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Bill of a Lifetime


In St. Vincent, Bill Murray finds sweet spot between comedy and tragedy.

Bill Murray has been the most successful at keeping a balance of comedic and tragic.

It’s no surprise that there’s a sad sack hiding inside even the happiest clown. And at some point in their careers, Hollywood’s funniest people have an irresistible urge to let the poor thing out.

Of his peers, Bill Murray has been the most successful at keeping a balance of comedic and tragic. Few comedy stars have made the jump to the status of dramatic lead without sacrificing all the qualities that made audiences like them in the first place. Even some of the most successful examples require a comedian to erase any sign of his or her usual manic energy — think of the eerily sedate Robin Williams in Awakenings or the despondent Jim Carrey in Eternal Sunshine of the Eternal Mind.

Sometimes earning serious-thespian cred means becoming virtually unrecognizable — just try to see traces of Michael Scott under Steve Carell’s fake schnozz in Foxcatcher or any evidence of Jamie Foxx’s In Living Color characters in Ray. As for Mo’Nique, well, she’s just straight-up terrifying in Precious.

But for every Oscar-worthy turn like several of the aforementioned, there are many more dramatic performances by comedy A-listers that go awry. One problem arises when they go too deep into the dark side. For instance, as amazing as Adam Sandler was as the tightly wound hero of Punch-Drunk Love, not even his staunchest fans wanted to see him as a grief-stricken shut-in in Reign Over Me.

But Bill Murray, in his extraordinary run of performances since first teaming with director Wes Anderson on Rushmore in 1998, has continually blurred the usual boundary between comedy and drama thanks to his ability to put a melancholy spin on scenes and characters that still manage to be hilarious for all their bittersweetness.

St. Vincent earned Murray his third Golden Globe nomination since his win for Lost in Translation in 2003. In this feature debut by writer-director Theodore Melfi, he stars as Vincent MacKenna, a caustic war vet who spends his days drinking, gambling, and grumbling. He’s hardly anyone’s idea of a good neighbour. But much to his constant chagrin, he becomes an integral part of the lives of the people who move next door: single-mom Maggie (Melissa McCarthy) and her 12-year-old son Oliver (Jaeden Lieberher).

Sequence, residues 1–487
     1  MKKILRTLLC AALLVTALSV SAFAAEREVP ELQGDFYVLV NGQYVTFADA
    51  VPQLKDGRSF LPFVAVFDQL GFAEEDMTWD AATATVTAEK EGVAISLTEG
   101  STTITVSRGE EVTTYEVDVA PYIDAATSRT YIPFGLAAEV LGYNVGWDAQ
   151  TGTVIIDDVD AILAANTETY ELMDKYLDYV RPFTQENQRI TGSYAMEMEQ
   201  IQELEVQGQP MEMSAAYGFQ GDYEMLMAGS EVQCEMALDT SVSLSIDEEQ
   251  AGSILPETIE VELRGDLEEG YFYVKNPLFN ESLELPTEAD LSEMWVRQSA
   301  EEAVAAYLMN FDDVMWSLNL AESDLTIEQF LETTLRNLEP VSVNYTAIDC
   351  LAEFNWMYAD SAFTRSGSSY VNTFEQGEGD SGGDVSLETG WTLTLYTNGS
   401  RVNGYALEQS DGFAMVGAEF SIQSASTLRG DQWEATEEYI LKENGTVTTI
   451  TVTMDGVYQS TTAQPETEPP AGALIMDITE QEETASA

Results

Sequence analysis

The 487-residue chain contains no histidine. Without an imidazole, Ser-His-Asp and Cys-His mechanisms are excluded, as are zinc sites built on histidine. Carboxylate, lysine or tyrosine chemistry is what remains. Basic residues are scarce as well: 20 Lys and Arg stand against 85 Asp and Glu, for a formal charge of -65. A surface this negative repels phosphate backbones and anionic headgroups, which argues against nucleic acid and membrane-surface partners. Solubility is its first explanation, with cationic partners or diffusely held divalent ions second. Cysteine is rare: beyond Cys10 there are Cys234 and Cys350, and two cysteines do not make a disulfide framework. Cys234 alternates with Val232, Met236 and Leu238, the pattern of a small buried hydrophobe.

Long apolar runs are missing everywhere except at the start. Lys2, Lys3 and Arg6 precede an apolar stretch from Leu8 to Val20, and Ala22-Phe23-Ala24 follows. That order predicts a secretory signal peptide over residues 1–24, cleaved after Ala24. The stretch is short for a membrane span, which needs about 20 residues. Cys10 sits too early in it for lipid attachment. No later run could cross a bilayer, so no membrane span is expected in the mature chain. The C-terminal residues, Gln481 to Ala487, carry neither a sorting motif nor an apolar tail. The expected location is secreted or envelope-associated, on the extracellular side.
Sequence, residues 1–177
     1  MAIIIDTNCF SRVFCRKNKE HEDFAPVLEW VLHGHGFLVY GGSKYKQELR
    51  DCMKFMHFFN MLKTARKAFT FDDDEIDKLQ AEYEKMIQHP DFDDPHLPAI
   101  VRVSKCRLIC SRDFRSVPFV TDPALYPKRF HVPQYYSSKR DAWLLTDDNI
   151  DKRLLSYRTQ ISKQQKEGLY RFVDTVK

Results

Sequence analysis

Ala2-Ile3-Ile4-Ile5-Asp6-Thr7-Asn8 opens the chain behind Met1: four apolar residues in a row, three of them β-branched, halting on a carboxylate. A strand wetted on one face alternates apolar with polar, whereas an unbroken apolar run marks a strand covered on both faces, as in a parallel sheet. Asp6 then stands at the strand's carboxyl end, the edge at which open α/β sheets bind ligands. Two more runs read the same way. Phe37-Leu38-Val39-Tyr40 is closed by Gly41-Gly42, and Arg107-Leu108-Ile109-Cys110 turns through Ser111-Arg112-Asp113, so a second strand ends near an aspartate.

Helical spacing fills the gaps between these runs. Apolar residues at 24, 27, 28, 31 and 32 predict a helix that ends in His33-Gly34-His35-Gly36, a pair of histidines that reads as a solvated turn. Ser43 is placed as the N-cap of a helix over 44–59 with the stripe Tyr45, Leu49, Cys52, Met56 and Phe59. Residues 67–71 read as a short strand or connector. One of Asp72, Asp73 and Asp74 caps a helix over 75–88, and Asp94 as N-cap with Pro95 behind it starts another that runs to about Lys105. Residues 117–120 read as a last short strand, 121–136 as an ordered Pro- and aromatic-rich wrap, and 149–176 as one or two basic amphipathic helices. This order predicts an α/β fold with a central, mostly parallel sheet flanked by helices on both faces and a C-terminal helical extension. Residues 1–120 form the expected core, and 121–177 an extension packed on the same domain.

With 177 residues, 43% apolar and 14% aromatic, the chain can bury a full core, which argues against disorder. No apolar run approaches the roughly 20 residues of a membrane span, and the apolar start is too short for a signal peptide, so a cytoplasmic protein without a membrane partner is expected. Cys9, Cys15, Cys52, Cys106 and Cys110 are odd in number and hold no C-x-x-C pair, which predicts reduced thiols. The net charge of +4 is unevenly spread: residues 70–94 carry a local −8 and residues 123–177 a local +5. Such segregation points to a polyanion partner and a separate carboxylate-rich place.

Vincent MacKenna is more like a geriatric version of the cocky loudmouths that were Murray’s specialty back in the ’80s.

The best thing about St. Vincent is not the fact that it gives us so many great new Bill Murray moments. (The bit with him warbling along to Bob Dylan while messing with a garden hose is one for the ages.) What matters is the kind of Bill Murray we get to see. Whereas his characters in Rushmore and Lost in Translation faced every new situation with the same deadpan air of anti-joie de vivre, here Murray gets back in touch with the wilder, more abrasive self of his younger days. Vincent MacKenna is more like a geriatric version of the cocky loudmouths that were Murray’s specialty back in the ’80s. In other words, he’s Ghostbusters’ Peter Venkman gone to seed or Nick Rivers the Lounge Singer from Saturday Night Live if he got bitter and crusty. 

Memories of this now seldom-seen screen persona for Murray enrich St. Vincent’s funniest moments. Yet it’s just as welcome to see the capacity for pathos that is new to Murray’s repertoire, especially when the reasons for Vincent’s bad attitude become clear. Murray also gets to show off Vincent’s softer side as he cares for his Alzheimer’s-stricken wife.

This is the kind of performance that is both comfortably familiar and often surprising. Like Williams and Carrey in many of their dramatic turns, Murray sometimes runs the risk of tamping down too hard his more exuberant tendencies and losing his signature spark. He learned the dangers of that when he made his first stab as a dramatic lead in 1984’s The Razor’s Edge, the W. Somerset Maugham adaptation that had been Murray’s passion project after breaking big in Ghostbusters.

Murray is at his best when he lands smack-dab in between the stuff that makes you teary and the stuff that makes you giddy. And that’s a testament to his acting skills, something that can still be underappreciated even by the fans who wish — to borrow the name of the special event when St. Vincent premiered at 2014's TIFF — that every day was Bill Murray Day.

Jason Anderson writes about movies for Cinema Scope, FFWD, and the Toronto Star.